The new "Victoria Corset" was advertised by Madame Demorest in 1862. No longer stiff this support followed the idealized female shape of the 1860's. The crinoline extended the hips and the chest appeared wide optically giving the appearance of a narrow waist. There were two main styles of corsets; one made of lots of shaped or gored pieces, the other of fewer shaped pieces but with inset gussets. When the crinoline was discarded in the late 60's a new corset shape was needed to help define the ideal figure. The new corset was steam moulded, had stiffer spoon-shaped busks, more boning, and was much heavier, stiffer, and far more restrictive. In 1870 the bustle became the fashion and consisted of everything at the front being pulled and gathered at the back.
During the last decade of the 19th century period corsets became medicalised and the 'health' corset was designed to aid women to breathe more freely. Corsetiere, Mme. Gaches-Sarraute of Paris, introduced the straight fronted busk which was aimed at leaving the thorax free, but at the same time designed to support and raise the abdomen instead of compressing it and forcing it downwards. She rightly, aimed at removing pressure from the vital female organs and dispensed with the constricting curve at the waist which was customary in all previous corsets.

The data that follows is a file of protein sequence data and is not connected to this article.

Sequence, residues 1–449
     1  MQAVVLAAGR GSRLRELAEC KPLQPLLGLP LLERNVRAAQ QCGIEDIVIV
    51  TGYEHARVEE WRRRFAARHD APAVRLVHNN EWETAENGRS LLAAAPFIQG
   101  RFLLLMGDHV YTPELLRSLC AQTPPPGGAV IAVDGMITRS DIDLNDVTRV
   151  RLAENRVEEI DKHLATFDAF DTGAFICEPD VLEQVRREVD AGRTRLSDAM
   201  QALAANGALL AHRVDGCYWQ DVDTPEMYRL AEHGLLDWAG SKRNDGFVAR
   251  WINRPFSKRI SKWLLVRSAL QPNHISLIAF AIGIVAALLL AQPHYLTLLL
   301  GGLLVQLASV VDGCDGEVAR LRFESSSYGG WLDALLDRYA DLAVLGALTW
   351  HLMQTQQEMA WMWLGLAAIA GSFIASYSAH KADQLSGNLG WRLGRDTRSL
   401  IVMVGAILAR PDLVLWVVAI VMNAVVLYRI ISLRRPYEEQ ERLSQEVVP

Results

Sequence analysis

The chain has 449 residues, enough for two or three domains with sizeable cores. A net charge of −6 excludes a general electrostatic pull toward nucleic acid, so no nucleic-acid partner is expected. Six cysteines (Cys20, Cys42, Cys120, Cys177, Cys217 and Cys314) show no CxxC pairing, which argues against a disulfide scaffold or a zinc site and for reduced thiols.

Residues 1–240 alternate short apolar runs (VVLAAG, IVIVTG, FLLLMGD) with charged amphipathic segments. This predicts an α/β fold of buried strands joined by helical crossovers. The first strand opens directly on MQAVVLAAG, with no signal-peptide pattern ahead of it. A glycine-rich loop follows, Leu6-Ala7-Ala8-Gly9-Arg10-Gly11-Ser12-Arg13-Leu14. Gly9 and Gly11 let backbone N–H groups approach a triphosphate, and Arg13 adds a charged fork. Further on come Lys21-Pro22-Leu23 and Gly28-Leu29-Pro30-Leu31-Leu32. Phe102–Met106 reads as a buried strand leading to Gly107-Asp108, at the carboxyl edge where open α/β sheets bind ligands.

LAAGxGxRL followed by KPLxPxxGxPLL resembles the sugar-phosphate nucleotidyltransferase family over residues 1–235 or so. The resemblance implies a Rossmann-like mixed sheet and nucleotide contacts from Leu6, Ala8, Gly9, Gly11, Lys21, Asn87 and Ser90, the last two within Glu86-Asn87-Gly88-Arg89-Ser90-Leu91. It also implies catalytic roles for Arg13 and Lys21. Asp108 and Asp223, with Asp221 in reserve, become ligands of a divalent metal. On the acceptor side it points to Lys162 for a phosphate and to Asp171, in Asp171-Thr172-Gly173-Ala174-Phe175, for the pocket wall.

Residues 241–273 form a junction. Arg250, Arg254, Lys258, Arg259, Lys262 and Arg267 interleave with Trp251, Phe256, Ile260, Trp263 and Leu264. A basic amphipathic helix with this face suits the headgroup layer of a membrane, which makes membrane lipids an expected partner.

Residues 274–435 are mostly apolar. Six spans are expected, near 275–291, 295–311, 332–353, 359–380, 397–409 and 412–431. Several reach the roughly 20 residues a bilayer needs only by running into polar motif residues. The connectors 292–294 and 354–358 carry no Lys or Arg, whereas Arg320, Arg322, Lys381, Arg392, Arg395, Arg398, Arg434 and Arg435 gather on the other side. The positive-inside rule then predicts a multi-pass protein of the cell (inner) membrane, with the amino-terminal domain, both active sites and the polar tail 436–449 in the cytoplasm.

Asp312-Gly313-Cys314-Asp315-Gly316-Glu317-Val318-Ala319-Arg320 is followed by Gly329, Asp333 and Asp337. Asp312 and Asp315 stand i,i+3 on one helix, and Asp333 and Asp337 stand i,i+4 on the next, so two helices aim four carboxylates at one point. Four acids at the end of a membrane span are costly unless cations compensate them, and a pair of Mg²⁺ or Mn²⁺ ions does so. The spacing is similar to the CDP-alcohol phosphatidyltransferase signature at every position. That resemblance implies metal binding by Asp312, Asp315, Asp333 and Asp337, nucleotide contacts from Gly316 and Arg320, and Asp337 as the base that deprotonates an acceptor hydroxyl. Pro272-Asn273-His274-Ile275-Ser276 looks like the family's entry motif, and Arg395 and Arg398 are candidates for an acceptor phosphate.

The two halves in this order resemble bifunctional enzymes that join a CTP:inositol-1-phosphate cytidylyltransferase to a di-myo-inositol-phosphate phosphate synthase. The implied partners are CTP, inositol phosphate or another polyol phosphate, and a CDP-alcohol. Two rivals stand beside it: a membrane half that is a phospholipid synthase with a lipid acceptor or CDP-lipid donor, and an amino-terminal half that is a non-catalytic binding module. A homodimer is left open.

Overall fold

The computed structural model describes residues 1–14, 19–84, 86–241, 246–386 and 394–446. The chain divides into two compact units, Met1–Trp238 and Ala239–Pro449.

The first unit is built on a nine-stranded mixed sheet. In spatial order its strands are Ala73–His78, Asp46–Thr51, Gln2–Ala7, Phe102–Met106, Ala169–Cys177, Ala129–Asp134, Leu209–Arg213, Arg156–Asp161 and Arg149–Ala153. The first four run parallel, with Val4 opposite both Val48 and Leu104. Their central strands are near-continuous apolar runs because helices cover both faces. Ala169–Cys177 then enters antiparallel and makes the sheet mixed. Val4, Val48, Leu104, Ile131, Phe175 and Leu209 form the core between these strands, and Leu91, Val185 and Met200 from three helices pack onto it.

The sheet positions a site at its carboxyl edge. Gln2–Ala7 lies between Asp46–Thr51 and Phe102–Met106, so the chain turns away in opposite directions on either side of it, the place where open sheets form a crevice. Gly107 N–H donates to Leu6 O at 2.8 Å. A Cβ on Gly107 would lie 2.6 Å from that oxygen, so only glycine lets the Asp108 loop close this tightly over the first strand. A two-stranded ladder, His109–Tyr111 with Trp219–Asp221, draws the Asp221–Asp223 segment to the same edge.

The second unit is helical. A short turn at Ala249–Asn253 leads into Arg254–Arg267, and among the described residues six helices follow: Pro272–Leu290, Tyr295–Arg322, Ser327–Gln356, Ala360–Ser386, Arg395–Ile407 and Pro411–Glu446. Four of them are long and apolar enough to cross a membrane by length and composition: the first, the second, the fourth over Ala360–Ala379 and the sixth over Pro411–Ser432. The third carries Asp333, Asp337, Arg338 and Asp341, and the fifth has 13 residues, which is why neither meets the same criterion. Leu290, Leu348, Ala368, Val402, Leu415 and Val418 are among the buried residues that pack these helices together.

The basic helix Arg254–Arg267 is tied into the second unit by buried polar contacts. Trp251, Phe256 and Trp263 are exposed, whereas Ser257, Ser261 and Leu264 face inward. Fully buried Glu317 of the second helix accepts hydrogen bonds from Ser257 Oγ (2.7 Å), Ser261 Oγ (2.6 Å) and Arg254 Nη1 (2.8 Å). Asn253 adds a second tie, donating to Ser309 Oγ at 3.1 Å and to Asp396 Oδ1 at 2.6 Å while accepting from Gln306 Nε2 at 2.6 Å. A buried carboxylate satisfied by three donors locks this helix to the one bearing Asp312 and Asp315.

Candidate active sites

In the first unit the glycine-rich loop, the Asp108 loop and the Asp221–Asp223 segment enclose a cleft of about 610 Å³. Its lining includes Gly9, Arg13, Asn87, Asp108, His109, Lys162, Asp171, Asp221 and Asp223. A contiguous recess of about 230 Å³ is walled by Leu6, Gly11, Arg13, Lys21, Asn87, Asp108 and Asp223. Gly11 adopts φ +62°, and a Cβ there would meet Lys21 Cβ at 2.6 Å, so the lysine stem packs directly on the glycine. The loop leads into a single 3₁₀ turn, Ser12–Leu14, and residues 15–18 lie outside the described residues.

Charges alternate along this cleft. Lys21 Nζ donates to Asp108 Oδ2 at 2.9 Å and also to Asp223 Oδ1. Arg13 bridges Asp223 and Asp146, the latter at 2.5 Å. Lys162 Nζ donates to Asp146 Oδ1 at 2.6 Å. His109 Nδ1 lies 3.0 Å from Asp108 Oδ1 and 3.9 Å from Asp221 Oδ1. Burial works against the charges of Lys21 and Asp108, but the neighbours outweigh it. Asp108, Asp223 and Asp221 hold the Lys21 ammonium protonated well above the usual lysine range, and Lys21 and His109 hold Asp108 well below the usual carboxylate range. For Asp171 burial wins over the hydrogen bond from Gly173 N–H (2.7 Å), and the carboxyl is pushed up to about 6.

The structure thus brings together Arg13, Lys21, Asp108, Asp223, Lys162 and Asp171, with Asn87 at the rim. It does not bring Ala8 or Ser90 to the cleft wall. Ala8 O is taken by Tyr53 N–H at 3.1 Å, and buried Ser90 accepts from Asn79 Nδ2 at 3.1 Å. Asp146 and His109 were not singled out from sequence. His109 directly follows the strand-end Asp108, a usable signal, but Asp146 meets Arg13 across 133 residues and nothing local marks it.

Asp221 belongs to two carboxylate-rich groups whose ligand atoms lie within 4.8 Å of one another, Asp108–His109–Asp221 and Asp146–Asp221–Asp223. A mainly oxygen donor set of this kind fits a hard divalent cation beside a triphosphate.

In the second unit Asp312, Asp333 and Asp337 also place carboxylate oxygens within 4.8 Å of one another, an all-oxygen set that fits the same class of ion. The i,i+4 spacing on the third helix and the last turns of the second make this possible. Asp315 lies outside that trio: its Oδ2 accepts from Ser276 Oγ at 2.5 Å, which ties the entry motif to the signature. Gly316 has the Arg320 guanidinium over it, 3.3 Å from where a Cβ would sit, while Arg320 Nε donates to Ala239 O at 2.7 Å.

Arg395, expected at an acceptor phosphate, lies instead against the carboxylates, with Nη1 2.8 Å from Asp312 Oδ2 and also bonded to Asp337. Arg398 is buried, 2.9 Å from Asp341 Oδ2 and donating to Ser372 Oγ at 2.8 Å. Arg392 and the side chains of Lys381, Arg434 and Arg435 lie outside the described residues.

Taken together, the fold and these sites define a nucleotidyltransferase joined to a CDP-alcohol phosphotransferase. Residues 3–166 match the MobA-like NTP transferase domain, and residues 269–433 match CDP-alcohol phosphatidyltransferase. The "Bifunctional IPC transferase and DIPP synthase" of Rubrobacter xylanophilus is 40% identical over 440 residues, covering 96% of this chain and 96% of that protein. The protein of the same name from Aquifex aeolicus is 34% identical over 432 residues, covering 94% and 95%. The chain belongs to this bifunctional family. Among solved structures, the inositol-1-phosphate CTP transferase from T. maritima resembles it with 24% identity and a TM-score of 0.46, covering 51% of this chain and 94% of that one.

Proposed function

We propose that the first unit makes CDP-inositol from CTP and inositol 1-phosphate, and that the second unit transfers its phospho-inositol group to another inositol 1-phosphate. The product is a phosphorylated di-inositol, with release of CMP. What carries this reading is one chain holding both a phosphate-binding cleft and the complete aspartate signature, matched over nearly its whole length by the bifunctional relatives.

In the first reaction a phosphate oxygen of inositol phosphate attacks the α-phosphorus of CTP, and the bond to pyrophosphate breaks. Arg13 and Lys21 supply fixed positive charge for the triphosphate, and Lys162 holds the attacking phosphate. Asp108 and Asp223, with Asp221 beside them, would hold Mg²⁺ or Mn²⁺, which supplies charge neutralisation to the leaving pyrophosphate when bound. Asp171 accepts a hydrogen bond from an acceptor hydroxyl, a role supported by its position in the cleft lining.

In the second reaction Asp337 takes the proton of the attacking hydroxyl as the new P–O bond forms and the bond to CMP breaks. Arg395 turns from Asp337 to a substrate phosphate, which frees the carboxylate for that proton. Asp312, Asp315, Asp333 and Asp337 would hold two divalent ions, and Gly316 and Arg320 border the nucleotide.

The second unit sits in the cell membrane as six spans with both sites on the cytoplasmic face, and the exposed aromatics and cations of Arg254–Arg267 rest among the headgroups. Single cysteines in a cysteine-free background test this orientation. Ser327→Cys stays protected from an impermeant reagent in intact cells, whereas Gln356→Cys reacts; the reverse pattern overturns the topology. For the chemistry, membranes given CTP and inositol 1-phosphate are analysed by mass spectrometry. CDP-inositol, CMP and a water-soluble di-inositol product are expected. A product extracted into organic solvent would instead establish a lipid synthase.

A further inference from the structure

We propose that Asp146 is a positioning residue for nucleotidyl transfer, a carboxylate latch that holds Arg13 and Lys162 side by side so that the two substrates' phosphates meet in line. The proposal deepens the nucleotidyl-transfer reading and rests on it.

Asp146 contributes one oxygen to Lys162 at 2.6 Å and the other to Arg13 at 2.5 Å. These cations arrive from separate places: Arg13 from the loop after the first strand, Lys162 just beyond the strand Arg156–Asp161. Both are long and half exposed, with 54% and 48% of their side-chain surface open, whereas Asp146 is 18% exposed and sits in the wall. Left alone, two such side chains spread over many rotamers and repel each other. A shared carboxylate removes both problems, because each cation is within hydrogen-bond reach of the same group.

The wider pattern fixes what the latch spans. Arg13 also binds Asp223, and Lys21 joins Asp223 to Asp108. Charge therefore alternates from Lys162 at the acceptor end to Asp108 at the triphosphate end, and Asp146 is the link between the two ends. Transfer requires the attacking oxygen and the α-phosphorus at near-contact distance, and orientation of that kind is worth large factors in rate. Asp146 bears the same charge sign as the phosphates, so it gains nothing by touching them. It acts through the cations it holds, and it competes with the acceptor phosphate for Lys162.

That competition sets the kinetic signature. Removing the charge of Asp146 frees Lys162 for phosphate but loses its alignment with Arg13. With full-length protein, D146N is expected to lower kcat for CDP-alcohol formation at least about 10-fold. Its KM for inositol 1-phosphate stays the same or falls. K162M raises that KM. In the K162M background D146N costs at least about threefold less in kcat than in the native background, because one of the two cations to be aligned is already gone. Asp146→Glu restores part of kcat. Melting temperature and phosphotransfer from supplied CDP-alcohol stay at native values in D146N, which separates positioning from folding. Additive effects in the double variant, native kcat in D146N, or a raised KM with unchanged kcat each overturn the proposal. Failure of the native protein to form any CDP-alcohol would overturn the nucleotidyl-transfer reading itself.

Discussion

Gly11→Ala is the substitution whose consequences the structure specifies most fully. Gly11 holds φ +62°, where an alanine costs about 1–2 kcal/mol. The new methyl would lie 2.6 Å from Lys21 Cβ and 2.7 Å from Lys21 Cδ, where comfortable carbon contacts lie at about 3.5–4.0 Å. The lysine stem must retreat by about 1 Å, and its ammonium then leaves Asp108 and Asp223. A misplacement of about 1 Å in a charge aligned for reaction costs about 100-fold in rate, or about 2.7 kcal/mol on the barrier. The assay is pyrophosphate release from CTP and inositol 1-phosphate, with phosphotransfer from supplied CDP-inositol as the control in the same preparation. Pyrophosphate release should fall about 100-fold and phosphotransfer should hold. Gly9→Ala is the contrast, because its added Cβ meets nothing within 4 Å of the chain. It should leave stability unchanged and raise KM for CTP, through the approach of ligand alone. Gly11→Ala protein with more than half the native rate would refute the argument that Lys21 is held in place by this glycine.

Ladies were now free to move and breathe more easily but the craze for a small waist persisted. This merited the assistance of another; a personal maid who could pull and tug at the lacing, reducing the normal circumference of the waist from 25 or 27 inches to 20 inches. The "health" corset produced a hand span waist, but at the same time the straight fronted busk forced the bust prominently forward, whilst throwing back the hips. This created the 'S' shape characteristic until 1907. The corset of 1907 achieved a long slim silhouette by starting just above the waist and fitting well down the thighs. They often included elastic gusset inserts which was supposed to increase comfort level.